The Carrot and the Stick

LEKACHMAN, ROBERT

The Carrot and the Stick Regulating the Poor: The Functions of Public Welfare By Frances Fox Piven and Richard A. Cloward Pantheon. 389 pp. $10.00. Reviewed by Robert Lekachman IN THE...

...Is there no hope of escape from the welfare cycle, no prospect of ending the isolation of the poor...
...Once a part of the poor's demands is granted, militancy subsides, welfare administration again tightens, and benefits are reducedójust as they were this year in both New York and California...
...Thus far the terrain is familiar enough...
...Politicians are more mealy-mouthed today...
...The material Cloward and Piven offer will feed numerous arguments about history and policy, but it also leaves some questions unanswered: How, for example, have the Scandinavians and the Dutch done so much better than the Americans and the English in integrating their poor into the larger society...
...Why do the poor alternate between apathy and aggression...
...Written in a tone of admirably controlled anger, and utterly free of sociological jargon, it makes depressing sense out of the welfare scene...
...Reviewed by Robert Lekachman IN THE ENGLISH-speaking world, governments have been coping more or less systematically with the relief of the destitute since the days of the Elizabethan poor laws, alternating periodically between relative liberality and punishment of the indigent...
...Some improvement in the treatment of the welfare population has been brought about by the disruptive tactics and new militancy of Northern black relief recipients...
...To explain why harshness is sometimes supplanted by comparative indulgence, Cloward and Piven remind us that when the poor become disruptive, labor and product markets are upset and profits threatened...
...As the English poor law commissioners put it in 1834: "The first and most essential of all conditions, a principle which we find universally admitted even by those whose practice is at variance with it, is that his [the relief recipient's] situation on the whole shall not be made really or apparently so eligible as the situation of the independent laborer of the lowest class...
...Members of the first group are credited with sharing the work ethic of their more successful fellow citizens...
...Under what conditions will employers and national administrations responsive to business interests prefer force to bribery...
...The authors' argument is simple and convincing...
...Why has it always been possible in the past to buy off the militants with relatively minor benefits...
...The authors, however, see still another reason for the gains of the decade just past: Lyndon Johnson, realizing that the South was slipping out of his political grasp, desperately sought new constituencies elsewhere...
...only the rhetoric and the labels have changed...
...In the meantime, Regulating the Poor deserves a wide audience...
...The occasional inconsistency between these objectives explains the cycles of apparent generosity and genuine meanness marking the Anglo-Saxon experience of the last two centuries...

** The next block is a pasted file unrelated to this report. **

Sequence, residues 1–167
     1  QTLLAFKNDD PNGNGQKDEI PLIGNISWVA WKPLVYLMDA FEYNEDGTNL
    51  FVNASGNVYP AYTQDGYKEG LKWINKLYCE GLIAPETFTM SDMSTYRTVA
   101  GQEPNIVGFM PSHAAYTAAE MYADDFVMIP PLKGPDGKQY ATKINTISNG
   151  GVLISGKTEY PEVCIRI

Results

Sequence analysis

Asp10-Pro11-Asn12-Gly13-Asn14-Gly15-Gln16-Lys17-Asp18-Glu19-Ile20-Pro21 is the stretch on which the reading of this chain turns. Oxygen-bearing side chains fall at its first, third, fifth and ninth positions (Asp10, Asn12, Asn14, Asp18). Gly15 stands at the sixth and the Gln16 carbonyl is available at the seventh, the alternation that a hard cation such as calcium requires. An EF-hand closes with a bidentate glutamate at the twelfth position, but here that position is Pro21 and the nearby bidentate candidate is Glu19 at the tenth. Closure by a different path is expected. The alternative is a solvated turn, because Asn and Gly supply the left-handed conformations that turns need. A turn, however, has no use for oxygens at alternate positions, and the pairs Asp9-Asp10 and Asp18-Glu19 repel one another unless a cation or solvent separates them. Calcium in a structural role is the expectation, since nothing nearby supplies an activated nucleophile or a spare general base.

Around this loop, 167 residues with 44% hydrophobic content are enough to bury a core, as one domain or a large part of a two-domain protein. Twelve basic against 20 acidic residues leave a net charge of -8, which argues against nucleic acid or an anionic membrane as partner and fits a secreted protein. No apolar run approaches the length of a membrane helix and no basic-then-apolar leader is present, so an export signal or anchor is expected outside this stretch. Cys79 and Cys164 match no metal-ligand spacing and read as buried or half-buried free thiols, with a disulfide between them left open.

...Though President Nixon's Family Assistance Plan (FAP) pays Up service to the cliches of rehabilitation and self-improvement, the English poor law commissioners would have quickly appreciated and applauded its coercive core...
...Community action programs, legal services for the poor, and voter registration drives had in common Johnson's urge to substitute new Democratic voters for the old ones he was losing...
...Management seeks two conditions : social tranquility and a plentiful supply of inexpensive, docile labor...
...Their fresh, polemical and gracefully written history advances the plausible theory that from the 16th century onward the implicit function of welfare has been to regulate the poor in the interests of their potential employers...
...It is usually in the employer's interest to make the conditions under which assistance is granted harsh enough, and the sums allowed small enough, to insure that the average laborer will prefer the unpleasantest job at the lowest market wage to the still worse alternative of welfare...
...But Richard A. Cloward and Frances Fox Piven, veterans of Mobilization for Youth and Welfare Rights agitations, go much further...
...In the presence or under the threat of sufficient disruption, employers find it cheaper to finance more generous aid to the poor (paid for mostly out of regressive taxes) than to suffer the burdens of social violence or the uncertainties of forcible suppression...
...And the recipient must accept the training and jobs that fap administrators define as suitable to their condition...
...Popular opinion, however, has almost always been hostile to welfare recipients, holding them to be lazy, immoral, unambitious, dishonest, and burdensome to hard-working taxpayers...
...As of yore, the poor are to be tightly controlled...
...In short, puritanical societies generally display no compunction about their harassment of the undeserving, and tend to treat with condescending charity the more deserving poor...
...Benefits of $2,400 for families of four are truly low enough to avoid competition with the earnings of the worst-paid employes...
...they evince proper guilt at their own failures, gratitude for assistance, and determination to emerge from their dependent situation...
...In response, British and American public officials have come to distinguish between the worthy and the unworthy poor...
...Presumably such issues as these will be examined by the sequel to this study, Poor People's Movements and Why They Fail...

Vol. 54 • October 1971 • No. 19


 
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